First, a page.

For some reason, writers don’t like to talk about where they get their ideas. And to the outside observer, it seems like writers magically get their ideas from the thin air.
In this series of posts, I hope to break down some of this mystery and maybe help you stop worrying and start writing.
In my previous entry, I said that writers don’t like to answer this question, because they’re busy doing harder tasks. Writing a story—that’s both entertaining and coherent—is far more difficult than coming up with an idea.
But to newcomers who want to jump into the craft of writing fiction, getting a fresh, original, and interesting idea can seem daunting.
So, let’s start out simple: what do you love?
I’m not talking about big things like family or God, but the things that inspired you to write in the first place.
Many accomplished writers started out very young. Long before they published a book, they were writing as children. They’ve been writing for so long, they don’t even think about how they get ideas. Their creative subconscious is so used to churning up new combinations of things, it’s second nature.
But you have to start somewhere. You might as well start out with the stories you already love.
I don’t know much about Jennifer Egan, but she’s credited with one great quote:
“You can only write regularly if you’re willing to write badly. You can’t write regularly and well. One should accept bad writing as a way of priming the pump, a warm-up exercise that allows you to write well.”
This is so brilliant, that it bears an entire article to unpack and talk about.
I’m a freelance writer. Been writing for a living for about 4 years. Long before that, I was simply an amateur fiction writer. I would spend free time working on a short story or manuscript. But it wasn’t until I started writing for money that certain things clicked into place.
When you’re aspiring to be a published fiction writer, it’s easy to put off work (i.e.: writing). You probably have a day job or school—and numerous other responsibilities and social obligations. Setting even ten minutes aside to work on that idea or continue to story can be impossible.
But, for me, that luxury went straight out the window—when writing meant I could pay my bills!
Freelance writing, or at least the kind I was doing, requires that I write. A lot. Often about things I either don’t know much about—or worse—don’t even care about. In order to earn enough to support myself, I had to churn out mountains of content on a daily basis.
The only way I could survive and then thrive was to be satisfied with writing badly.
People who don’t write often ask this question: where do you get your ideas?
It’s true that, when you look at a finished product, a story appears like magic. This strange person mysteriously came up with out-of-this-world idea that you would have never thought of. Obviously, writers have some kind of special power that allows them to conjure up endless ideas for their stories.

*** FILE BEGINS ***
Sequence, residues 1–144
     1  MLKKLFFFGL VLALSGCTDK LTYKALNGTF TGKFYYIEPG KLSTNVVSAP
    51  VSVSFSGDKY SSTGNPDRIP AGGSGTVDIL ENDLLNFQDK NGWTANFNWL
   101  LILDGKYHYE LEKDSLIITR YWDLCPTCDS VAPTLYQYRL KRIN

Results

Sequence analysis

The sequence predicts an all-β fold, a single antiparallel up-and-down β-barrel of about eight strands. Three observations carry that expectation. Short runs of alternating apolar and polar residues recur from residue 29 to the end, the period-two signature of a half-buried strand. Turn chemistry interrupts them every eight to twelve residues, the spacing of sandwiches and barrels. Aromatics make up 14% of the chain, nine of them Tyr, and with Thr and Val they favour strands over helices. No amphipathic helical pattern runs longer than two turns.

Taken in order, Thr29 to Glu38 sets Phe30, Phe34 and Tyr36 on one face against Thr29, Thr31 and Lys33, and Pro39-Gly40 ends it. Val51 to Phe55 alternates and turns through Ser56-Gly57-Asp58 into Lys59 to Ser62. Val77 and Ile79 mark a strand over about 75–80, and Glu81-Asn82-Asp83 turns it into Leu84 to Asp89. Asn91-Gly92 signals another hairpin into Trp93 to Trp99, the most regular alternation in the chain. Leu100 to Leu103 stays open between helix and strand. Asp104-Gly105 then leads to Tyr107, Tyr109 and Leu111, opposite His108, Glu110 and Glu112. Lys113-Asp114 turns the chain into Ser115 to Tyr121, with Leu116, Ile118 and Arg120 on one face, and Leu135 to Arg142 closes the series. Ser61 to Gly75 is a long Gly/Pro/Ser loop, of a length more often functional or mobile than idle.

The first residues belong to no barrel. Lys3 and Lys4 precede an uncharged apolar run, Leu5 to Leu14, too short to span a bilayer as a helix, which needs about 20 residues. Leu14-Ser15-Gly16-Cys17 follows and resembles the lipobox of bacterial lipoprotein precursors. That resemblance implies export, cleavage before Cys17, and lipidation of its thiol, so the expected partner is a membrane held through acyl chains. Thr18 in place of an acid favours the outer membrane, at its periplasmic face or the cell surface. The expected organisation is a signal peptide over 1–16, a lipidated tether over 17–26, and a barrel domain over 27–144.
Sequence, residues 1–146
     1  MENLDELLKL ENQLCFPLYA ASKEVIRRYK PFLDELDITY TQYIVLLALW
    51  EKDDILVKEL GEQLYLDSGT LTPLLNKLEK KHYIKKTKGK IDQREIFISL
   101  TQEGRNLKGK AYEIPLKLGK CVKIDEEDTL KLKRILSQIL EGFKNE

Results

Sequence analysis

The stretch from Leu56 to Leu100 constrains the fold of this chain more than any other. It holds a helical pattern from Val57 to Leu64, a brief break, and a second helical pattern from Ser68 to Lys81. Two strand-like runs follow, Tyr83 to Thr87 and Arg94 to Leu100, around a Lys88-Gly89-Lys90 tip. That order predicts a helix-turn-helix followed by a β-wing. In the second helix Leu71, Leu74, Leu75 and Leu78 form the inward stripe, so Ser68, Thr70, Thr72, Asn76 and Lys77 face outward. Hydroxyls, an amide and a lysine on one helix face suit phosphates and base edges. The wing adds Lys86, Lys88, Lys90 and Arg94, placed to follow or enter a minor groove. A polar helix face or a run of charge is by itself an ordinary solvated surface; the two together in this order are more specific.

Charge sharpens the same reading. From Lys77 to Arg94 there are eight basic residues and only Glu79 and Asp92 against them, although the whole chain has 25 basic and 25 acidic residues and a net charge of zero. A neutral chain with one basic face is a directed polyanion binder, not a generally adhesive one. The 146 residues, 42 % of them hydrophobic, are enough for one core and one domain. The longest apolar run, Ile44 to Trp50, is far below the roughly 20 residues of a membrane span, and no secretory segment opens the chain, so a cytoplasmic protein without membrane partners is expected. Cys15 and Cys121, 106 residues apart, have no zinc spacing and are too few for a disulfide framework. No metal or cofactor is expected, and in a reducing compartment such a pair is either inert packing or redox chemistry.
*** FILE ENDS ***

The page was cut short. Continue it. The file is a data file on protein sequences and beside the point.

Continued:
But that’s not really what happens.
Like all forms of art and creativity, writers write because they love it. Or they should—there are always periods of burnout. What inspires me to write is my love of story and the incredible notion that I too can do what people like Tolkien, Gaiman, and Clarke do.
I, personally, think writers don’t like the question, “Where do you get your ideas,” because that’s so far and away the last thing we even worry about. We already have the ideas percolating in our heads. The real challenge is, you know, actually writing them out.
Writers work so hard trying to take their ideas, put them on paper, and have them come out in a form that’s not only understandable, but at the same time relatable and unique, and entertaining. It’s not an easy task. So, when someone asks us the dreaded question, it’s almost insulting.
Because an idea is literally just the beginning of the journey.
I bought his journal a while ago and was waiting for proper motivation to have some fun. So I’ll be joining him in doing a page each day. The pages will be random, based on my mood. Here is yesterday’s and today’s:
Follow me on Twitter @quippley to see my journey, or park it right here at the blog. If you want to join in, pick up his cool book.
New short story alert! If you like mysterious, sci-fi thrillers, you might like Blind.
Here is a snippet:
“Just shut up and stay in the corner. Don’t move until I tell you to.”
Lena felt the rough hands move over her body. They seemed to be probing rather than groping. In her drug-induced grogginess she wondered if he was actually searching for injuries. She felt the hands attack the ropes at her wrists. They slackened, enough for her to move them freely. The man’s hands held hers for a moment, a clear sign that she was not to lift them. The blindfold he did not remove.
The wall was cold and slick with some kind of moisture. Judging from the smells it was not water. Lena’s back was sore, as was her legs that were folded up under her. By the pain she guessed she had been down there for some time. Reaching back into the recesses of her mind, she pulled at a memory. There was a lot of light and sound, but nothing coherent. Before that the party, the large house abnormally dark and full of strangers. Darkness clouded everything else until now.